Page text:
Not only is he regarded as one of the greatest guitarists of all time, but Slash was also behind one of the greatest rock bands of the past 25 years. And while his days as the lead guitarist for Guns N' Roses ended long ago, Slash has since moved on to other endeavors, namely, as the lead guitarist for supergroup Velvet Revolver.
The quintet includes former Stone Temple Pilots front man Scott Weiland and other founding members of GNR.
Before Velvet Revolver launched its latest tour, Slash talked about his days in GNR, the future of Velvet Revolver and, of course, Axl Rose.
You've mentioned before that all good front men are a little bit out there. Does that hold even more true in your case, considering you've worked with Scott Weiland and Axl Rose?
I know a lot of musicians; instrumentalists and singers alike are a little different than normal. You have to be coming from a bit of a different place to be the front man for a musical entity. Compared to a guitar player or drummer, you're using your own voice and doing the public-address kind of thing. ... Axl and Scott are unique among the singing group. In my experience, they're also a couple of the most talented and individualistic people that I've ever seen.
When did you begin to see Velvet Revolver as a long-term project?
For me, I don't think very long term. If I'm doing something I feel strongly about, I work on it, and I'm in the moment. ... I look back on the year, and it was definitely cool, and we're still just doing that.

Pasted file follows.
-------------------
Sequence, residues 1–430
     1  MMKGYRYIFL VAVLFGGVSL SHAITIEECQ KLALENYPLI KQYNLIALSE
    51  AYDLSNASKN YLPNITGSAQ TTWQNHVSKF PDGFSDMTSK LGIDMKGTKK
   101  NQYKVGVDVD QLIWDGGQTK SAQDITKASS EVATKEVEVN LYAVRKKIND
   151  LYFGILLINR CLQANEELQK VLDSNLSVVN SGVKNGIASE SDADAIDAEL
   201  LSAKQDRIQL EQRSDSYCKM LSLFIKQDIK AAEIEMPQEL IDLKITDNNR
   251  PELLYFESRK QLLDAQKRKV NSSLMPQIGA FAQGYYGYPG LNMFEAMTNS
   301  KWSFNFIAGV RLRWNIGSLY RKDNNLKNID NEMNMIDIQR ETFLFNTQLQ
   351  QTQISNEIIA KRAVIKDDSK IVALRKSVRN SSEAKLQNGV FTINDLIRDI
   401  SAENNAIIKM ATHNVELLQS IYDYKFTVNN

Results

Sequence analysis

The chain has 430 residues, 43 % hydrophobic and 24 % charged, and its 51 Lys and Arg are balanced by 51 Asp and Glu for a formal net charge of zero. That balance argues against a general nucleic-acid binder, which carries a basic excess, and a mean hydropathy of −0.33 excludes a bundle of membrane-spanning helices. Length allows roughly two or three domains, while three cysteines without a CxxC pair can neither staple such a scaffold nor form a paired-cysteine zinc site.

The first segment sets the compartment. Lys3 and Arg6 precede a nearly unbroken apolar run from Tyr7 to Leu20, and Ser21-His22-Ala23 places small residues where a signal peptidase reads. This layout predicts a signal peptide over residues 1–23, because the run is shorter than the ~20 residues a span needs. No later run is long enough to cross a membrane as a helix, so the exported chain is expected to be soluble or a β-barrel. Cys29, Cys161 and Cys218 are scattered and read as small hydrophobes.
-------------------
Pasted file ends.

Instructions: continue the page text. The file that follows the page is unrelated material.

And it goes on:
Do you mind the "supergroup" label?
I didn't take the supergroup label to heart too much. It's very irritating because this band wasn't based on the principles that we all know supergroups are based on. ... This band is very organic in a way, and to be viewed as one-dimensional is not so much offensive, but it's definitely tedious.
When writing those songs for Guns N' Roses back in the day, did you ever imagine they would live on like they have?
No. Remember what I told you about not having any foresight into the future? Back then, I had even less. ... As great a rock 'n' roll band as GNR was, it was a fluke in a way, with making such an impact and people listening to it. There's a bigger mystique about the band now.
You recently released your autobiography (Slash), and you sort of took the high road in regards to your differences with Axl. Do you think people expected you to bash him?
More than expecting me to, I think they wanted me to. Everybody was poised for picking that book up and reading all the negative stuff they could possibly hear about Axl. That was not my whole purpose of expelling that relationship and the demise of the band. I just wanted to shed some light on the reality of why we broke up, not to berate Axl for anything that he didn't deserve. Axl is not as bad a guy as some people make him out to be, and I wanted some clarity on that.
Guns N' Roses is up for induction into the Rock and Roll Hall of Fame in a few years. Should you get in, any chance the band reunites for a one-off performance?
You know, in a perfect world, it would be nice. There's a lot of pressure on any sort of band that breaks up that is that popular, the Van Halen thing or the Police or whatever. ... I don't know whether the circumstances will permit us wanting to get together and play, but it would be a whole different spirit-of-the-moment thing.
Do you ever think we'll see Axl's mythical Chinese Democracy?
I hear through the grapevine bits and pieces of what's going on, and I'm interested to see what it sounds like because it will be such a huge statement.
Although I wouldn't say we split up over musical differences, we did have some musical direction going toward the end there, and I'd be interested to see where it was headed. But I'm not holding my breath. ... It will come out when it's ready to come out.